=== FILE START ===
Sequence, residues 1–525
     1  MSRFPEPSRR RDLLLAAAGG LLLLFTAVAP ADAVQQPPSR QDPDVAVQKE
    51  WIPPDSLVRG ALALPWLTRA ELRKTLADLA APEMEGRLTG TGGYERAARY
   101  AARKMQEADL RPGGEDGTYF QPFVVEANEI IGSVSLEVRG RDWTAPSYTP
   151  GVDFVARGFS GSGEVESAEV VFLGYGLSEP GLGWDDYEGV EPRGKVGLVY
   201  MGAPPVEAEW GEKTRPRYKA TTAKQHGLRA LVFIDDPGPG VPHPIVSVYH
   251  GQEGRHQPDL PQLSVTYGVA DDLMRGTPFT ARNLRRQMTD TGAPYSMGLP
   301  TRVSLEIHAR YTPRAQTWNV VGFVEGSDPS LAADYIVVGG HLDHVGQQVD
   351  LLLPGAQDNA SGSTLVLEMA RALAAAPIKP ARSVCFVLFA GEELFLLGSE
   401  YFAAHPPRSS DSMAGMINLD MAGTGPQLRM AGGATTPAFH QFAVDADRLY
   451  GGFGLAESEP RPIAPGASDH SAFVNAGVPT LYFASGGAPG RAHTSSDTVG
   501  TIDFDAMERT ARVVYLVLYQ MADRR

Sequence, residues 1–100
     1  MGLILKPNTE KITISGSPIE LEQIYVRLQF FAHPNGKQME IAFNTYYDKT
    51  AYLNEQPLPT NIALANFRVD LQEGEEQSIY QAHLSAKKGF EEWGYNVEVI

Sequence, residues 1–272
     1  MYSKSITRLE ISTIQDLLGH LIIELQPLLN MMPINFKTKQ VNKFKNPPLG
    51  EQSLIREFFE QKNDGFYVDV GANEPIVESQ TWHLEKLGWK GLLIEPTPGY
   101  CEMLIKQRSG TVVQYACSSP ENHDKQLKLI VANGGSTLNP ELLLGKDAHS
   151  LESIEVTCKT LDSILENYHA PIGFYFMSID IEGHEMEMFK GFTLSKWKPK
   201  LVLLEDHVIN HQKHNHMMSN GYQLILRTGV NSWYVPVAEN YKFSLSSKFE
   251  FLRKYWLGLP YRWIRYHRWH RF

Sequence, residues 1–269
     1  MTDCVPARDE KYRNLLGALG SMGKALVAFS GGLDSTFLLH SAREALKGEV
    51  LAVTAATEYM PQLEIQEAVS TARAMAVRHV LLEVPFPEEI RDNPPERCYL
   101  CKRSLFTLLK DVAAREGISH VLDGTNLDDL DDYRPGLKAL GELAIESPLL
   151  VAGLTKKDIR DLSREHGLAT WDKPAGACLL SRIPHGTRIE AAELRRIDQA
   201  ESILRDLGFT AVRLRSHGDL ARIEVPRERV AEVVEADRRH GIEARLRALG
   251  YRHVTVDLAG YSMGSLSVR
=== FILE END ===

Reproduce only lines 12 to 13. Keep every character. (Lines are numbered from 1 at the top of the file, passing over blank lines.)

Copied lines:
   501  TIDFDAMERT ARVVYLVLYQ MADRR

Sequence, residues 1–100